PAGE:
|Lara learning about chillis - August 2010|
Last time I wrote about crop-protection equipment, and avoiding the temptation to sow seeds too early in the year. My opening gambit this time is:
1. Less is sometimes more. By this I mean, don't try to cram too much into your growing space. In my early years of gardening I was definitely guilty of this. There are just so many nice types of fruit and veg around, and I wanted to grow them ALL! I didn't believe the advice given in gardening books - "allow 36 inches between plants and 45 inches between rows" - Oh yeah? That would mean I could grow about six plants in my entire garden. So I sowed my seeds far too thickly and planted my plants far too close together, and of course the result was (in retrospect) predictable. I got small, thin, weak plants and poor yields. This is the point at which many beginners give up, by the way. Over the years I have learned that it makes more sense to give your plants enough space for their roots to expand, and for their leaves to gather as much light as they need. When you buy a tray of 12 Runner Bean plants labelled "Suitable for container growing" it doesn't necessarily mean that you should put them all in ONE container (especially if it is only a 12-inch pot)!
|An example of over-crowding- photo from 2010|
2. Talking of pots and containers.... It is normally the case that bigger pots are better than small ones. Not always true I grant you (e.g. you don't need a half-barrel to grow some Crocuses), but generally so. Large pots dry out less rapidly and therefore need less watering. They also give your plants more room to spread out (see point 1 above). Small pots are fine for seedlings and plants that are being grown-on indoors or in a greenhouse for subesquent planting outside, but if a plant outgrows its pot it will not be able to keep expanding and you will end up with a spindly or stunted plant. For instance, I germinate my tomato and chilli seeds indoors, in artificial heat and latterly in my recently-acquired Growlight House, but then I transplant them twice more, into progressively bigger pots before they go into their final growing-containers. It sounds a bit of a fiddle, but it's definitely worthwhile.
3. Some other pieces of advice about pots / containers: think how heavy they will be when full. It may not be easy / possible to move them, so if you anticipate the need to bring them under cover (e.g. a citrus fruit tree being brought indoors for the Winter), give some thought to how you will do this. You can for instance buy little platforms on castor-wheels for this purpose. Also, to minimise water loss after watering, you might want to equip your pots with pot-saucers, like this:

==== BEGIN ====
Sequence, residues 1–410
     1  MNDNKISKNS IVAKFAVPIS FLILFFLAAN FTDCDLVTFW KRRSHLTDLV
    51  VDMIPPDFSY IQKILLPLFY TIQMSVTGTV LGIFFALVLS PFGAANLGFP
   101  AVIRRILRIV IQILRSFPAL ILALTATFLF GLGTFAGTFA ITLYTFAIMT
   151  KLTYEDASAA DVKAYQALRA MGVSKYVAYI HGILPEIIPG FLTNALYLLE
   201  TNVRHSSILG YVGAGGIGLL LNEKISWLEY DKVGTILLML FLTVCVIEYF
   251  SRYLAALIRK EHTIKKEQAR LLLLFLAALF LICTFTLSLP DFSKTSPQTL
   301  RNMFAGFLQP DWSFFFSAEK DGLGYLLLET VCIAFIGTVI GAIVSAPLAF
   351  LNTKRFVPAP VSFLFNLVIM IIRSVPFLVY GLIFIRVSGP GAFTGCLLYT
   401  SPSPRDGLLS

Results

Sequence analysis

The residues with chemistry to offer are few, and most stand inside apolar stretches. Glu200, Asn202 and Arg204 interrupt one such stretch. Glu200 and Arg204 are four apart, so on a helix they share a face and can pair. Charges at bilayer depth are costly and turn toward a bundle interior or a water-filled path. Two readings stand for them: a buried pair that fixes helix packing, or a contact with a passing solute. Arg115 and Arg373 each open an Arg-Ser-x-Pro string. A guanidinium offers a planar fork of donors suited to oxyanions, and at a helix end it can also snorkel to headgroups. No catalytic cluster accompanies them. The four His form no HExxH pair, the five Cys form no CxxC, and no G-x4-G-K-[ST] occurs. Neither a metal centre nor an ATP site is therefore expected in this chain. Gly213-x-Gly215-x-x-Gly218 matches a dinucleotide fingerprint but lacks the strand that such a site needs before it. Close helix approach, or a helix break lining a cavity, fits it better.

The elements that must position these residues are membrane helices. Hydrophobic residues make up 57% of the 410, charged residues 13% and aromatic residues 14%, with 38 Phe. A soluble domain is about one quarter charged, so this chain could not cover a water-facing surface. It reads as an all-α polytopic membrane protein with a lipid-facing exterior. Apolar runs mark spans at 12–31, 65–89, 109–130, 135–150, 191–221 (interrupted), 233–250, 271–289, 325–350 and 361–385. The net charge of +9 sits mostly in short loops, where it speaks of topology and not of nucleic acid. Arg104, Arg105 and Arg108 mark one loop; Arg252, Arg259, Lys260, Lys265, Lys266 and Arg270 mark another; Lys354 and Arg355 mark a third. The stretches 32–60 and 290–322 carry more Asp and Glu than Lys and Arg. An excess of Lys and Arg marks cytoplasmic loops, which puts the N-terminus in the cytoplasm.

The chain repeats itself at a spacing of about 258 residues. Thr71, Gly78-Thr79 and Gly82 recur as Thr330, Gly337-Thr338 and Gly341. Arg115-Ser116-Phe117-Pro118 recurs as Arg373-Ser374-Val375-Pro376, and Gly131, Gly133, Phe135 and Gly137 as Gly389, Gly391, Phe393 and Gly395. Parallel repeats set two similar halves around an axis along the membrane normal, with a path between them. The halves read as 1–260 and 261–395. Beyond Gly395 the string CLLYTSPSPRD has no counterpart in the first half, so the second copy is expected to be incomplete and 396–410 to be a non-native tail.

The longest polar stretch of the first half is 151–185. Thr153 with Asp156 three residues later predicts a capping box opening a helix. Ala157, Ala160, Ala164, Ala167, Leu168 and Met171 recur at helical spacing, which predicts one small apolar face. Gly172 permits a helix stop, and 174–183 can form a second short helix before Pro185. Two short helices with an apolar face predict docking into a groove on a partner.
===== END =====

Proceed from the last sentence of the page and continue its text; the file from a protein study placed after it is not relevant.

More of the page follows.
4. Think about where to site the very necessary but less picturesque elements of your plot / garden, for instance your shed or tool-locker and your compost bins and bonfire site. The best thing to do is to site them in the place which is least good for plants to grow in, so that you are not using valuable growing-space. BUT, before you do that, have a think about how far you will have to walk each time you want to fetch a different tool from your shed, and each time you want to put some weeds in your compost-bin. It soon adds up! Of course, the value of gardening as an exercise-providing hobby may mean that you want to maximise the walking-distances... I have 3 compost bins. One is very close to the back door of the house, so handy for all those kitchen scraps. The other two are in a dry corner shaded by a huge conifer tree in next-door's garden - a place where nothing much will grow.
|Compost bins and "insect hotel"|
5. Consider buying plants rather than growing from seed. I know that growing from seed may sound like the best option (you get more plants from a smaller financial investment), but raising good plants from seed can be quite tricky unless you know what you're doing. Also, you may only want a small quantity of plants, so it might be best to buy half-a-dozen healthy "plug plants" or even some fully-grown ones (especially if you want flowers), rather than getting a little sachet with literally hundreds of seeds in it. The benefit of buying the plant rather than the seed is that the plantsman / supplier does much of the difficult work for you, and you get the plant all ready to go into your garden just when you need it (of course in this respect you don't need to plan so far ahead either).
|Hellebores, bought as plug-plants|
6. When buying plants from a Garden Centre or Nursery, select specimens that have the potential for division or easy propagation. If you look carefully you sometimes find the odd pot which has two plants in it instead of one, or 15 seedlings instead of 12. When buying perennials I always look to see whether the plant could easily be split. For instance this Echinacea that I bought last Autumn:
|A minute later I had TWO plants|
Well, there are some thoughts for you to mull over. Let me emphasise again that all the views expressed in this post (and indeed all others on my blog) are my own opinions, and I fully accept that they may not coincide with the views of other people. There's no such thing as the "correct" way of gardening; there's only what works for you and what doesn't.
P.S. You might also like to read this post I did some while ago, about Sowing Seeds Indoors